your teeth, excessive gum chewing or biting your nails. A common underlying cause of poor habits can be stress related.
3) Trauma to the joint.
4) Arthritis in the joint.
5) Dental problems such as abnormal alignment of the teeth when the upper and lower jaws are
brought together (malocclusion).
6) Hormonal changes. Research suggests that estrogen levels can also play a role in TMJ pain (Craft, 2007.)
Treatment of your TMJ disorder may require more than one health care professional due to the nature of the potential causes.
Dentists, orthodontists, ear/eye/nose/throat specialists, physiotherapists, massage therapists, physicians, psychologists, and
endocrinologists may be some of the professionals involved in your treatment. It is essential to ensure your health care professional determines the cause(s) of the origin of your TMJ disorder before effective treatment can begin. Treatment may include the following, depending on the cause:
Addressing your postural dysfunctions by prescribing specific strengthening or stretching exercises specific to your deficits. This also includes education about your alignment and movement patterns at work, whether you sit at a desk or have a more physical job. A physiotherapist can assist you with this. Addressing any unhealthy behavioural habits (grinding, clenching, nail biting) can be challenging. It is helpful to look at the underlying cause, which frequently is related to stress. Learning how to effectively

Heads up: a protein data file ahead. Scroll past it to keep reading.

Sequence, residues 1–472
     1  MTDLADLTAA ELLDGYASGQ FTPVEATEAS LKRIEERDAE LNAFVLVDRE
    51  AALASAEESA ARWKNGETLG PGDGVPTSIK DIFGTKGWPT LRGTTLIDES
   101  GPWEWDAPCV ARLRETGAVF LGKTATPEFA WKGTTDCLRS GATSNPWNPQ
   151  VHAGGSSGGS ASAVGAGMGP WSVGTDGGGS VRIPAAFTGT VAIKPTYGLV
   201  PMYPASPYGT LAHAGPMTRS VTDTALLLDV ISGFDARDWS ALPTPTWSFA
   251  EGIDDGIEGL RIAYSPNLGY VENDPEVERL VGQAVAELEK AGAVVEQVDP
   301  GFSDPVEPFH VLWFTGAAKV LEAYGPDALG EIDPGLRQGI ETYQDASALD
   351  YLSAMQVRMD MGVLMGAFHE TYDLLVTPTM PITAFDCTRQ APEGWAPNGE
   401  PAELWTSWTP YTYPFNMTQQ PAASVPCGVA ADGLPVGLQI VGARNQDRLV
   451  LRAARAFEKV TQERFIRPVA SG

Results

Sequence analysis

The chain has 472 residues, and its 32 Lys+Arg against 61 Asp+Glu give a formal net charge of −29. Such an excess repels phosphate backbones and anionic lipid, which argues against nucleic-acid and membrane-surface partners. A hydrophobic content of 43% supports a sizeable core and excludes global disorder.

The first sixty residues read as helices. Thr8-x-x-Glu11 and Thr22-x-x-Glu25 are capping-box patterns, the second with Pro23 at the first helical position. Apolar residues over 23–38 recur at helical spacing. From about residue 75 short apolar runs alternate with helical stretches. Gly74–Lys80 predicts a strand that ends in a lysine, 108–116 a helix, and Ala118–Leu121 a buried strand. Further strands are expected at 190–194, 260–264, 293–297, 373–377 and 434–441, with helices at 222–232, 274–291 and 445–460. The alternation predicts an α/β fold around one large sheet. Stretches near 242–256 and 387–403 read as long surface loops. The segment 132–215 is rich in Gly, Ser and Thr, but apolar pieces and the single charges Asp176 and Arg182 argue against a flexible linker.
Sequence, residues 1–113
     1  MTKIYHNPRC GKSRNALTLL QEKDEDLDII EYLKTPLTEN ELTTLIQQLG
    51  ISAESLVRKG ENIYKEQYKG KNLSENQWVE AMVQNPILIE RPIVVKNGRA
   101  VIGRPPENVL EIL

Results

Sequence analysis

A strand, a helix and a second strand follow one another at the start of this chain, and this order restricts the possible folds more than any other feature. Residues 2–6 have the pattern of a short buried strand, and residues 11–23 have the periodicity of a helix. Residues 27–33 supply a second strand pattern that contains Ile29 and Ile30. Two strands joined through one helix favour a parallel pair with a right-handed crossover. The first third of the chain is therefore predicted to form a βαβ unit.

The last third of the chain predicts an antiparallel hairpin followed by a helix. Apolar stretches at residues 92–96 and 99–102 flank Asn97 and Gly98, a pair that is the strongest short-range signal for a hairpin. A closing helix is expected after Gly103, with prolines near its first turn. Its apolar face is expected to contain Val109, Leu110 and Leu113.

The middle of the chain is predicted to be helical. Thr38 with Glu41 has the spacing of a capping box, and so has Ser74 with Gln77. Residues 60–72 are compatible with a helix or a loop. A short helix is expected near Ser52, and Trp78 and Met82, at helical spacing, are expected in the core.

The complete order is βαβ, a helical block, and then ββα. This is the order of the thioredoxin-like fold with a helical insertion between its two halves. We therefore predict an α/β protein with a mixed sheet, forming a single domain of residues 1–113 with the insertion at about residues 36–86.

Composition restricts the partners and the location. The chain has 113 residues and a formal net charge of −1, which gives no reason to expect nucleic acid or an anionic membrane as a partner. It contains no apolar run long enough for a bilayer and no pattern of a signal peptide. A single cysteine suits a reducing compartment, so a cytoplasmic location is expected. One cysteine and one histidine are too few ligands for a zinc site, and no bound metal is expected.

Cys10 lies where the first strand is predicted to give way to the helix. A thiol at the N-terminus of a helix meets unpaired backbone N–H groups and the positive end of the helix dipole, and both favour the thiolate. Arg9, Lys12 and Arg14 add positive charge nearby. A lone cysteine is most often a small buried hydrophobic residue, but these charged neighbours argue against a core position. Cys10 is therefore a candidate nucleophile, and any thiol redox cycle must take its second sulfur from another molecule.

manage your stress levels is important not only for your TMJ disorder and the muscle tension surrounding the joint, but is also important for many other systems of your body. Relaxation methods, breathing methods, appropriate exercise, regular yoga practise or perhaps some small changes in lifestyle choices can all contribute to improving the way you handle your stress. Physical Therapy can address any TMJ instabilities, inflammation, or stiffness in the joint by manual therapy methods, electrotherapeutic modalities, and prescriptive exercises to address the specific dysfunction. A visit to your dentist is
important to ensure you have a thorough assessment of your teeth/mouth alignment and to determine the need for night splints or guards or any other treatment option. Occasionally, there may be a more serious problem where you need to be referred to another specialist. Symptoms that include loss of hearing, nerve involvement, weight loss, or
persisting pain and immobility despite ongoing treatment indicate a visit back
to your physician for a referral to an appropriate specialist.